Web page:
SXSW Interactive 2015
The Future of Touch: You Can't Hug a Status Update
As geeks, we have intimate relationships with our devices. Apps like Secret, Facebook, Twitter, Foursquare and Tumblr give us a kind of virtual oxytocin bump, but there ain’t no such thing as a free lunch. So what’s the cost? Technology can facilitate intimate bonds; and it can also drive us into a self-created isolation, much like what happens to Raj with Siri in Big Bang Theory or Theo with Samantha in Her. Bonding with our devices does not eliminate our need for physical human contact. Touch is a basic human need. Traditionally, touch is constrained to the structure of sexual relationships as illustrated by the relationship escalator model. But more and more people are exploring physical contact in non-sexual relationships/interactions. Join us as we examine how society suffers by not separating sex from touch, and how our personal and professional lives can be enhanced by overcoming the social and cultural barriers that keep us, quite literally, at arm's length from one another.
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Additional Supporting Materials
- Does social media and technology bring people closer together? Do apps like Secret, Facebook, Twitter etc really foster intimacy? Are there differences between face-to-face and text based interactions? What are the benefits and the costs?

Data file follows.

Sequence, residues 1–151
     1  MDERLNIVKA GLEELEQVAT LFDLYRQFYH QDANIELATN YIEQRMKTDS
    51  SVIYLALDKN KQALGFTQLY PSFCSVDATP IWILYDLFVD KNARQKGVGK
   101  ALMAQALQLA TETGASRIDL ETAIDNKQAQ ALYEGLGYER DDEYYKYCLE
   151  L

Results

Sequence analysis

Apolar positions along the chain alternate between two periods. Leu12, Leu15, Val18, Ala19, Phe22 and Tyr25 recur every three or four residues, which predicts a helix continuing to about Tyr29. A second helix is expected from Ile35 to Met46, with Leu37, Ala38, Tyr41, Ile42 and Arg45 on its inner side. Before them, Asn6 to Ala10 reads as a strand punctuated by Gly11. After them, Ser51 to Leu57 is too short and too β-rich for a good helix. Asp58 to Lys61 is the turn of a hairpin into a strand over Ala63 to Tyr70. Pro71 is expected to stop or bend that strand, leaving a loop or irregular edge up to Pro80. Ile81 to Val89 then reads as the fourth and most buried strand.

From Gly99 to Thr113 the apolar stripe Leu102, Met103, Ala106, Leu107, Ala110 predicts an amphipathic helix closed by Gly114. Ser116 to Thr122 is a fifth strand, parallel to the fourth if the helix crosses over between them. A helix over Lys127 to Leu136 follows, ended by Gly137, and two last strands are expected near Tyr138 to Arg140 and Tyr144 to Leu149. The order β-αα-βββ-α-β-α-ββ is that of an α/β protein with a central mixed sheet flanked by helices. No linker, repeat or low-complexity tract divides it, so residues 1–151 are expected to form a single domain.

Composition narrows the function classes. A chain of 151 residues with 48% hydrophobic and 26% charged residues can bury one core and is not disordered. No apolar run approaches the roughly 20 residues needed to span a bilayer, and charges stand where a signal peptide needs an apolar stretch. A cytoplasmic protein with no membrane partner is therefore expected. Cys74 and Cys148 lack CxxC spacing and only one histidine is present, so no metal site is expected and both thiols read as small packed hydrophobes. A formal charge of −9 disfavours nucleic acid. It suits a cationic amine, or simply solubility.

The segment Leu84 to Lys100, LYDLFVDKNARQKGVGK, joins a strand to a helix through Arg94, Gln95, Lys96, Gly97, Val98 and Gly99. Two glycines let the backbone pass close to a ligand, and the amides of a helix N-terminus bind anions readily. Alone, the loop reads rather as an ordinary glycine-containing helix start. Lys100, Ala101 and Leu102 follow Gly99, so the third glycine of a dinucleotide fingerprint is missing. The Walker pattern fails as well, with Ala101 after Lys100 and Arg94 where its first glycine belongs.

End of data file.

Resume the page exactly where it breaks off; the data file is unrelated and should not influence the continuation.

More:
- Why doesn’t our society separate sex from touch? As it becomes harder to find partners in our over-scheduled, over-stimulated world, how do you get your touch needs met if you're not in an intimate relationship? Is this lack of physical contact why we are so attracted to our tech? How does this affect people perpetually friend zoned?
- Oxytocin has been touted as a miracle drug for migraines, heart disease and autism. It naturally occurs in the body and is generated through human touch, but the research pushes it as a drug which is medicalized and monetized by the pharmaceutical companies. What is oxytocin? What are some of the recent studies, both pro and con, of this hormone? Does it promote trust and intimacy? If so, do personal tech devices promote trust and intimacy or is it an illusion that drives us all apart?
- We are told from the time we are young that touch is bad and dangerous and shouldn’t be shared with anyone outside of intimate relationships. How do we create a culture or society that makes it okay to ask for non-sexual touch? How do we create healthy boundaries and an environment where we can balance respect for the wishes of others with our own desires? How does this work when many people in the tech industry have ADHD, autism spectrum disorders, etc.?
- What might the future look like if we acknowledged our need for consensual, non-sexual touch and learned to ask for, give and receive it? Would we have more compassion for others? Would we be better communicators, have more patience and less stress? Would we buy less stuff, spend less time online and more time offline with real-life, flesh and blood humans? Can we create a Simian Zone, something in between surface conversations with strangers and pair-bonded relationships?
Epiphany Jordan, Chief Oxytocin Provider, Karuna Sessions